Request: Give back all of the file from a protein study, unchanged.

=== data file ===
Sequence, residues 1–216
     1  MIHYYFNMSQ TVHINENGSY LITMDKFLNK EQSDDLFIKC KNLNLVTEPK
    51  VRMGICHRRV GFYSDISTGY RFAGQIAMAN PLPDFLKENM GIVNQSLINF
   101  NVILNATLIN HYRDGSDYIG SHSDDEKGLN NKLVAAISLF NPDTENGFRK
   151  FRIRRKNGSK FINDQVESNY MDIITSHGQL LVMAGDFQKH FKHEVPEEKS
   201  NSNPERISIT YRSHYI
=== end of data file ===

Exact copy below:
Sequence, residues 1–216
     1  MIHYYFNMSQ TVHINENGSY LITMDKFLNK EQSDDLFIKC KNLNLVTEPK
    51  VRMGICHRRV GFYSDISTGY RFAGQIAMAN PLPDFLKENM GIVNQSLINF
   101  NVILNATLIN HYRDGSDYIG SHSDDEKGLN NKLVAAISLF NPDTENGFRK
   151  FRIRRKNGSK FINDQVESNY MDIITSHGQL LVMAGDFQKH FKHEVPEEKS
   201  NSNPERISIT YRSHYI